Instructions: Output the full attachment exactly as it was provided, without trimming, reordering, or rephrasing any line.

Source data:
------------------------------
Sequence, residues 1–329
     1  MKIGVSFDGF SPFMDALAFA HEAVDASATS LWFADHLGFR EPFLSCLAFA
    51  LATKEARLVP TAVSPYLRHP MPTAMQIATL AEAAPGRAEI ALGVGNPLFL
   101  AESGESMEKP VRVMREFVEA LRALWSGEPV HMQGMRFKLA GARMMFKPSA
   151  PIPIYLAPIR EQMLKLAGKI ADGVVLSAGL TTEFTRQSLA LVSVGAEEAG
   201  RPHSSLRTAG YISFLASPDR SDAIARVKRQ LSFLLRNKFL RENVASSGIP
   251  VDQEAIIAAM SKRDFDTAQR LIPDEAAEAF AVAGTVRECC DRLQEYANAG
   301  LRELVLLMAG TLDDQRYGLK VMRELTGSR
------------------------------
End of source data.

Sequence, residues 1–329
     1  MKIGVSFDGF SPFMDALAFA HEAVDASATS LWFADHLGFR EPFLSCLAFA
    51  LATKEARLVP TAVSPYLRHP MPTAMQIATL AEAAPGRAEI ALGVGNPLFL
   101  AESGESMEKP VRVMREFVEA LRALWSGEPV HMQGMRFKLA GARMMFKPSA
   151  PIPIYLAPIR EQMLKLAGKI ADGVVLSAGL TTEFTRQSLA LVSVGAEEAG
   201  RPHSSLRTAG YISFLASPDR SDAIARVKRQ LSFLLRNKFL RENVASSGIP
   251  VDQEAIIAAM SKRDFDTAQR LIPDEAAEAF AVAGTVRECC DRLQEYANAG
   301  LRELVLLMAG TLDDQRYGLK VMRELTGSR